Sky dance: The woodcock’s courtship routine


In his classic, A Sand County Almanac (1949), wildlife biologist Aldo Leopold described the male American woodcock’s courtship display as a “sky dance.” I call it my favorite harbinger of spring.

A few nights ago, as I watched the February full moon rise in the east, a familiar sound caught my ear.

“Peent!” A few seconds later, another nasal “peent!” The sound reminds me of the call of common nighthawks as they sweep the sky for insects on warm summer nights.

A woodcock had returned to the old pasture behind the house. Males emerge from the woods at dusk and search for patches of poor soil with sparse vegetation.

Dense ground cover hinders the movement of these short-legged birds. That’s why I make it a point to mow a few patches of grass extra short in late October. It’s my invitation to dance.

Show off

A displaying male woodcock wants to be seen — by females. (Watch for field trips offered by local nature centers or bird clubs if you have no idea where to find woodcock.) To enjoy the show, creep into position just before dark and wait.

The performance begins with the aforementioned, exclamatory peents. Soon the calls stop, and the bird jumps into the sky. He ascends in an ever-widening spiral flight to a height of 250 to 300 feet.

Listen for a whistling sound as the bird climbs and air rushes through its three stiff outer wing feathers.

Then he descends almost like a falling leaf, and the wing whistle is accompanied by a liquid, vocal twitter. At twilight or on moonlit nights silhouettes are sometimes visible.

Upon landing near the exact spot from which he launched, the male fans his tail and wings and struts about boldly, like a miniature tom turkey. If a female is present, and charmed by the dance, mating occurs. Absent hens, the performance continues, sometimes for hours.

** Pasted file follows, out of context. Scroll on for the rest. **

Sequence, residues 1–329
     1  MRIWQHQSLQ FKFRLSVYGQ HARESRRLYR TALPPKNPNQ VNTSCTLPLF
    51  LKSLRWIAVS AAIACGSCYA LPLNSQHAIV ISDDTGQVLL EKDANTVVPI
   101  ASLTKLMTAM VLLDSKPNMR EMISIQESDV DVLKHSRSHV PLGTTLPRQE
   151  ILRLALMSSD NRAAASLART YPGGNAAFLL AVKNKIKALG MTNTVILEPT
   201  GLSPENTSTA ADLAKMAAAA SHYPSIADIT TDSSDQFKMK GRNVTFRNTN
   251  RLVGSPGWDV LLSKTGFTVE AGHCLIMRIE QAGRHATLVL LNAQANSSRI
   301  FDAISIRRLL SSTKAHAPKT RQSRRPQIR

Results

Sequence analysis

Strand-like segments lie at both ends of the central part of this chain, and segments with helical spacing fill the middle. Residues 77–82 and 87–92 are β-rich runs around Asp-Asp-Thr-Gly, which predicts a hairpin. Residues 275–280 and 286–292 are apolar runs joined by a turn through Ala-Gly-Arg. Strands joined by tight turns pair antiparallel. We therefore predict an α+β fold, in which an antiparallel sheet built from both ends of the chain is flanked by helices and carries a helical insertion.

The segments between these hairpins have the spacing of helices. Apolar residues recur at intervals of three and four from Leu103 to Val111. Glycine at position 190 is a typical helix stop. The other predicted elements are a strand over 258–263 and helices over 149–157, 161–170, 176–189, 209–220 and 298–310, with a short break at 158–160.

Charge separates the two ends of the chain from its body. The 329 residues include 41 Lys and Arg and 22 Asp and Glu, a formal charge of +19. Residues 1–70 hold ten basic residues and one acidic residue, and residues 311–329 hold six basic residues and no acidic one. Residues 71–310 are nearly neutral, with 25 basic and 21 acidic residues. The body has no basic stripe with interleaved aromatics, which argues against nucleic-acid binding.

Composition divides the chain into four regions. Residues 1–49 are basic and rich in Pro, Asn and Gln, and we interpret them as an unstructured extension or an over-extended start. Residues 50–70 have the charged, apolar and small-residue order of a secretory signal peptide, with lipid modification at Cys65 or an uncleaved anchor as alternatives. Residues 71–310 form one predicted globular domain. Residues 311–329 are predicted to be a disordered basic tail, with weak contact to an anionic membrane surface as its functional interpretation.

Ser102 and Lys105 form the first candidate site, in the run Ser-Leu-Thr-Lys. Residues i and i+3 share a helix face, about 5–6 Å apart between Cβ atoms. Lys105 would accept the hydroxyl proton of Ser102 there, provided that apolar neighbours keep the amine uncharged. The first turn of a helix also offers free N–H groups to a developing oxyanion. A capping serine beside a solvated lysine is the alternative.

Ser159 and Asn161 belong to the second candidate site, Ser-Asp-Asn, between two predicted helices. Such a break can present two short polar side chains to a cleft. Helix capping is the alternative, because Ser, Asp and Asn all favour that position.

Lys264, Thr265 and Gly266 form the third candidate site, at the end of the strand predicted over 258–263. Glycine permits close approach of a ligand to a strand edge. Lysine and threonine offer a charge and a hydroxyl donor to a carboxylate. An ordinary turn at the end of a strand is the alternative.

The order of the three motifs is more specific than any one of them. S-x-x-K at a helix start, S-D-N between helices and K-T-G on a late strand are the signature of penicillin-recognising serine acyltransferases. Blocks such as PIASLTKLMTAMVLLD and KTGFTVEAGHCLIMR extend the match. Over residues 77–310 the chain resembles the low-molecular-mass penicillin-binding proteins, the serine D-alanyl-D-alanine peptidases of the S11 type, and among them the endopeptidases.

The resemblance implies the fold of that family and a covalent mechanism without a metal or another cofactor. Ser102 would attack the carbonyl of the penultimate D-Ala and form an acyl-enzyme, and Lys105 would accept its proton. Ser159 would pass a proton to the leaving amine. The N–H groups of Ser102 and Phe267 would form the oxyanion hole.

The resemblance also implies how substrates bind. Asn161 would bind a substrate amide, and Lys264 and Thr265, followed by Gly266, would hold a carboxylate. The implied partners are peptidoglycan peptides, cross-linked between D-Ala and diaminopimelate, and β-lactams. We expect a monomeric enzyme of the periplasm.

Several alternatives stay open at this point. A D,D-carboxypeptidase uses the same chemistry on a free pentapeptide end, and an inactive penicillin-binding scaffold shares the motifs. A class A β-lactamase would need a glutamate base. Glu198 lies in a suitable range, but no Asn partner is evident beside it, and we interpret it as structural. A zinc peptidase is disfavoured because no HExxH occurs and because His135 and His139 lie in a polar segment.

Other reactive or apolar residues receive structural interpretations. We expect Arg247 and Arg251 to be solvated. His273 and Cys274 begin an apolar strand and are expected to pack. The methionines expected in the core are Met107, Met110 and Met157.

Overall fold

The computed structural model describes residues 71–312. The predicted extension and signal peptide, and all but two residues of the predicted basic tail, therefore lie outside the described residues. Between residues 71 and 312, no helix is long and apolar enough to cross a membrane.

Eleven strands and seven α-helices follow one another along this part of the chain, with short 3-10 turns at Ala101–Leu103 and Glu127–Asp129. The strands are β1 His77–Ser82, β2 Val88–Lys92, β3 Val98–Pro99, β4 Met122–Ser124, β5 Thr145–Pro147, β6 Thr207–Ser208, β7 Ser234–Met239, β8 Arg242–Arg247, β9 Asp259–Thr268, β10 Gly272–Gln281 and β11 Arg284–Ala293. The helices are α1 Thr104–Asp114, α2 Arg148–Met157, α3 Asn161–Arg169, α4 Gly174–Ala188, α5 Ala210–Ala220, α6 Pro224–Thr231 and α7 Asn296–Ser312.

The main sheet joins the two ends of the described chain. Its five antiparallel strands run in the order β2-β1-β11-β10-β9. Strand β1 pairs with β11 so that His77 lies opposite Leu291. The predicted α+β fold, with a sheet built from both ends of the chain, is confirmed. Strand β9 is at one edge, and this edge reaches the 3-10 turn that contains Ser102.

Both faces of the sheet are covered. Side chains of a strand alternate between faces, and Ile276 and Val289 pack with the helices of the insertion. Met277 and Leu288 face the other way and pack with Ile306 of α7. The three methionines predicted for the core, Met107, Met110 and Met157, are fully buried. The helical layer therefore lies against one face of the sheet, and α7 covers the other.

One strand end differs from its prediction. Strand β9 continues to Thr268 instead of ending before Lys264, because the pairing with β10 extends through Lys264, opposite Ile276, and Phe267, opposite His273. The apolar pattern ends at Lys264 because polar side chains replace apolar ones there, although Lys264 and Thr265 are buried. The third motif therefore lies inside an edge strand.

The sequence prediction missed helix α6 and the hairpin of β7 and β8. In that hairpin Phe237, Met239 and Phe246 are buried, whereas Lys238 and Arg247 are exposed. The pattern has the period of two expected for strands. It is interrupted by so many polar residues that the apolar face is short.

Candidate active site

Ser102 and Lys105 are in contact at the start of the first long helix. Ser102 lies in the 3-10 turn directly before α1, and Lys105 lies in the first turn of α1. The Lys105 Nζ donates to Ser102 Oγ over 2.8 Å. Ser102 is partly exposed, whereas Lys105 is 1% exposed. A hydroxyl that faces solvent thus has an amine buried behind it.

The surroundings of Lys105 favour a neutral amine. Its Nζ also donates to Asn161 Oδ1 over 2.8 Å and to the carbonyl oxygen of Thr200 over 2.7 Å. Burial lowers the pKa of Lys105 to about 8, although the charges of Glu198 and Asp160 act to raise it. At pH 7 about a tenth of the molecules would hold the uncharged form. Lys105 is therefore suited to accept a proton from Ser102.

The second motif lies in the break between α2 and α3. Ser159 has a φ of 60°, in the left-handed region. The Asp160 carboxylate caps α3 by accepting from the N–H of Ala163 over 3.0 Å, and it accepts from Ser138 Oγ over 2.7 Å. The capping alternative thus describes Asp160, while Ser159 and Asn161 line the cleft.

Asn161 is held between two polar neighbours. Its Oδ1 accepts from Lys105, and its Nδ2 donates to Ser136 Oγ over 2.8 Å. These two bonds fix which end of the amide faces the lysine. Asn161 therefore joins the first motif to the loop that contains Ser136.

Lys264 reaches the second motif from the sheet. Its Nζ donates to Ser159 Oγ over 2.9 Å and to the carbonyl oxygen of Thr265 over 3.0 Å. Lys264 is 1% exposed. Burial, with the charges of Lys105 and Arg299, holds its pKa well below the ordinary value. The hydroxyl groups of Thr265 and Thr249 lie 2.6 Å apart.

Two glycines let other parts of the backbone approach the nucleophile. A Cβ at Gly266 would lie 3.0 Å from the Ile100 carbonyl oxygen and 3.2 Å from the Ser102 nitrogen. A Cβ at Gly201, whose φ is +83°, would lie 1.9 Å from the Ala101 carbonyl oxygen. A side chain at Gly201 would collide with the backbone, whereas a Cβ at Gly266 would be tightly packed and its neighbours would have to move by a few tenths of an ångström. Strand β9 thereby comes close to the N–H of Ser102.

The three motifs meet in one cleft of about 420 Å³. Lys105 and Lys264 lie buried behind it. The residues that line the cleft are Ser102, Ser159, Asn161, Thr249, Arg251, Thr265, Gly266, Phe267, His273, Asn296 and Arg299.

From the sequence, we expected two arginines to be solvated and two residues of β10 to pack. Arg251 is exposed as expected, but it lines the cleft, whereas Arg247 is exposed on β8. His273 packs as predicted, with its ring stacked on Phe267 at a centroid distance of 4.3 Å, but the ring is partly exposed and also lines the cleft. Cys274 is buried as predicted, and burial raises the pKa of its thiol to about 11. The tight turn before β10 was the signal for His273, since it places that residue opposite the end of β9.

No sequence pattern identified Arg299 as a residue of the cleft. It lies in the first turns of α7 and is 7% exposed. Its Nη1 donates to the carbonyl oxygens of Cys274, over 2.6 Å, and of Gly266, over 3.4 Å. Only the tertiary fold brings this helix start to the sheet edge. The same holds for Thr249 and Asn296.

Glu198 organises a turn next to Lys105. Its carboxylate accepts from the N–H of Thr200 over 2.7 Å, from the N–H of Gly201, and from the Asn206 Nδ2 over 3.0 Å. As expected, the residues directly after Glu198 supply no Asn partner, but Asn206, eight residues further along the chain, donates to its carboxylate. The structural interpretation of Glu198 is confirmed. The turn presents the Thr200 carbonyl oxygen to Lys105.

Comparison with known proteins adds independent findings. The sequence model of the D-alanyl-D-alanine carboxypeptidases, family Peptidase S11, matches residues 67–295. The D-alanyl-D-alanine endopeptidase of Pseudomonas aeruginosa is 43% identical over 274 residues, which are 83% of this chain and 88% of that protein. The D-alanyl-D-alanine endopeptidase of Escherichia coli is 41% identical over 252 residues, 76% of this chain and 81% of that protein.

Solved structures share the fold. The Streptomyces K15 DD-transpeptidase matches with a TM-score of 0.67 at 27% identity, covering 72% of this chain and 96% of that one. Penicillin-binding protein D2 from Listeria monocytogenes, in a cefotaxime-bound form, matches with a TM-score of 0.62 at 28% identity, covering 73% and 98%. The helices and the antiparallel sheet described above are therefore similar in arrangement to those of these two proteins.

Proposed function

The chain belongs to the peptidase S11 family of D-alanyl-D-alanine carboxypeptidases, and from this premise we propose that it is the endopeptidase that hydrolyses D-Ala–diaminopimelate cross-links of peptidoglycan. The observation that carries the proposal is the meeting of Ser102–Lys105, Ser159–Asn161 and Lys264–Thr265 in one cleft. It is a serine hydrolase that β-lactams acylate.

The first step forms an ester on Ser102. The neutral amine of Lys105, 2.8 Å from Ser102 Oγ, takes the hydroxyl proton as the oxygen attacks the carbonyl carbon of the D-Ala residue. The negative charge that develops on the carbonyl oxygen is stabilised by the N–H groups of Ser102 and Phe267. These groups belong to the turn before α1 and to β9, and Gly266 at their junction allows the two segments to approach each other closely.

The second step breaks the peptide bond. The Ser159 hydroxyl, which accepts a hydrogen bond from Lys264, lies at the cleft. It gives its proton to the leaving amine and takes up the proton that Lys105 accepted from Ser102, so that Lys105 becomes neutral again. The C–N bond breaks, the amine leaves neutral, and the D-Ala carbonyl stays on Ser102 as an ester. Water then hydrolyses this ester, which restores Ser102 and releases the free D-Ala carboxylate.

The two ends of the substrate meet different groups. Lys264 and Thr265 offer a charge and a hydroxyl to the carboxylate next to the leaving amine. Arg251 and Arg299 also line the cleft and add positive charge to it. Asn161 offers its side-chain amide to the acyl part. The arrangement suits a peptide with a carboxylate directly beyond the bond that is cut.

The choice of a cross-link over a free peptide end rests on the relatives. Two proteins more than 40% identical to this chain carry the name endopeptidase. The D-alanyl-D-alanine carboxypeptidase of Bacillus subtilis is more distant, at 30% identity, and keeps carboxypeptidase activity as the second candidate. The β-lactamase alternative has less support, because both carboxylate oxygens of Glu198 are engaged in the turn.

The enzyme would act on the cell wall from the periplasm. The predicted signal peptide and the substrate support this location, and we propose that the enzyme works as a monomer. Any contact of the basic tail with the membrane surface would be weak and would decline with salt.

Woodcock, or timberdoodles as they are sometimes called, are plump, cryptically colored, migratory birds that weigh six or seven ounces. Though classified taxonomically as shorebirds, woodcock live in damp, lowland woods where they eat earthworms almost exclusively.

Woodcock sometimes return in late February, but I can always count on them in March. During daylight hours, “probe holes” left behind while searching for earthworms and whitewash splash are the best evidence of these odd birds.

In hand, a woodcock’s huge, dark eyes and long bill dominate its head. Woodcock have excellent night vision. Their eyes are positioned high and far back on their skulls, so they actually can see above and behind their heads. They use their long, flesh-colored bill to probe moist, soft soil for earthworms and other invertebrates.


Hard freezes send woodcock to seeps where earthworms are usually available, even when surrounding ground freezes. Since woodcock spend so much time with their bills in the ground, their near 360-degree field of vision helps them detect aerial predators.

Woodcock also enjoy the protection of cryptic coloration or camouflage. Dappled in shades of brown, woodcock are almost impossible to see as they rest among leaves on the forest floor. They don’t flush until almost stepped upon.

But in spring, woodcock are best known for their song and dance routine. The show typically begins at dusk in an opening near moist woods. It could be an overgrazed pasture, a gravel pit or even an interstate highway median strip.

Setting the stage

Clear, moonlit nights provide the best chance for observing woodcock displays. But remember, much of the performance is vocal.

The dance of the woodcock is a rite of spring that every nature watcher should see at least once. You’ll need no special equipment for an adventure you’ll never forget. One warning though — after seeing the woodcock dance, you may want to see it again and again.

Aldo Leopold tried to catch the sky dance as often as possible on his Wisconsin farm.

“No one would rather hunt woodcock in October than I,” he wrote, “but since learning of the sky dance I find myself calling one or two birds enough. I must be sure that, come April, there be no dearth of dancers in the sunset sky.


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Scott Shalaway, who holds a Ph.D. in wildlife ecology from Michigan State University, writes from his home in rural West Virginia. A former faculty member at Oklahoma State University and the University of Oklahoma Biological Station, he has been writing a weekly nature column for newspapers and freelancing for magazines since 1986. He can be heard on Birds & Nature from 3-4 p.m. Sunday afternoons on 620 KHB Radio, Pittsburgh, or live online anywhere at, or on the Tune-In radio app. Visit his website at or contact him directly at or 2222 Fish Ridge Road, Cameron, WV 26033.



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